Asteroid dubbed “possibly hazardous” is expected to pass close to Earth.
According to NASA, an asteroids categorized as “possibly hazardous” and longer than a football field will make a close pass to Earth.
Asteroid 2021 GM4 is a Goliath among near-Earth asteroids, measuring 150 meters in length, substantially longer than a full football field (120m). According to NASA, the asteroid is currently cruising through the solar system at a speed of 6.3 kilometers per second, or 22,680 kilometers per hour.
On July 1, the asteroid will make its closest approach to Earth.
It will be 12 times the distance between the Earth and the Moon at that moment.
This asteroid, understandably, poses no threat to Earth.
NASA, on the other hand, has classified the asteroid 2021 GM4 as “possibly hazardous.”
The word “possibly dangerous” does not necessarily imply that an asteroid is a direct threat to Earth.
Rather, it alludes to the possibility of an asteroid colliding with Earth at some point in the solar system’s future.
The gravitational attraction of other celestial bodies in the solar system, for example, is one unknown element that could impact the asteroid’s future route.
“Asteroids’ orbital routes are occasionally altered by the gravitational attraction of planets, causing their paths to change,” NASA added.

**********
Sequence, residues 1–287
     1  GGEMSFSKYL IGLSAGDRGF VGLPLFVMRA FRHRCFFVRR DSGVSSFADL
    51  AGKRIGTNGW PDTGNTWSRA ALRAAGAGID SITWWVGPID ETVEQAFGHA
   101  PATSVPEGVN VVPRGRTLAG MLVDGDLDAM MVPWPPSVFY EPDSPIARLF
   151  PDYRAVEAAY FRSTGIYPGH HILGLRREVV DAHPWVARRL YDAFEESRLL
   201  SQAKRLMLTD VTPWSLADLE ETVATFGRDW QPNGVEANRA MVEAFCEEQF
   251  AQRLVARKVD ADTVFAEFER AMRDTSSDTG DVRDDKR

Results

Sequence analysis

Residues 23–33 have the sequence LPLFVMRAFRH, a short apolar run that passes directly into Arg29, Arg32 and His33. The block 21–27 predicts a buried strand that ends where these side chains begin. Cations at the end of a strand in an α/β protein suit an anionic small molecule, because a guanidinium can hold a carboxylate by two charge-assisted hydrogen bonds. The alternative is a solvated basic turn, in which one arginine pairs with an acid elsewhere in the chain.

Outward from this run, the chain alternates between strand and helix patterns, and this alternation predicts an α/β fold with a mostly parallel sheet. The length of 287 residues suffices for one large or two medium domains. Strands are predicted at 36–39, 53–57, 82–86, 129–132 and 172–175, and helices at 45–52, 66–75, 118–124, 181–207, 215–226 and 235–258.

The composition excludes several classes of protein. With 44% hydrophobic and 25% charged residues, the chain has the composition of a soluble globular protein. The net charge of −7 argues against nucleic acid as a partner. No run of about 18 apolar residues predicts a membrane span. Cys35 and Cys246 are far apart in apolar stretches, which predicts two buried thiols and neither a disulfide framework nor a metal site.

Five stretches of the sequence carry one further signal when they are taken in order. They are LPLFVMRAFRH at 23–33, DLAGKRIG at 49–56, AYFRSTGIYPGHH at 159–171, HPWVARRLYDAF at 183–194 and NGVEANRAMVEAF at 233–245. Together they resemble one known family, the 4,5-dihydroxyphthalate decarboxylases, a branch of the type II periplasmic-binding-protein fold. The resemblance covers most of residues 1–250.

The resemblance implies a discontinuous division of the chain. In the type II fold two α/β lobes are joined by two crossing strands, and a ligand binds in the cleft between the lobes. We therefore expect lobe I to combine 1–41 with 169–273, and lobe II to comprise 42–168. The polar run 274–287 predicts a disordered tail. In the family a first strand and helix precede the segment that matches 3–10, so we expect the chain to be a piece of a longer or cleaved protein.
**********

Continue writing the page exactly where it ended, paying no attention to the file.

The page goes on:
“Scientists believe that wayward asteroids or debris from previous collisions slammed into Earth in the past, playing a significant influence in our planet’s evolution.”
The Yarkovsky effect can potentially lead an asteroid to deviate from its intended path.
When a space rock is heated in direct sunlight and then cools, radiation is released from its surface.
“This radiation exerts a force on the asteroid, acting as a type of mini-thruster that can gradually change the asteroid’s orientation over time,” NASA explained.
However, the space agency tried to assuage any fears, stressing that a catastrophic asteroid strike of such size is not expected for several centuries.
“NASA is aware of no asteroid or comet currently on a collision course with Earth, so the likelihood of a large collision is extremely remote,” it stated.
“In fact, no major object is likely to strike the Earth in the next several hundred years, as far as we can tell.”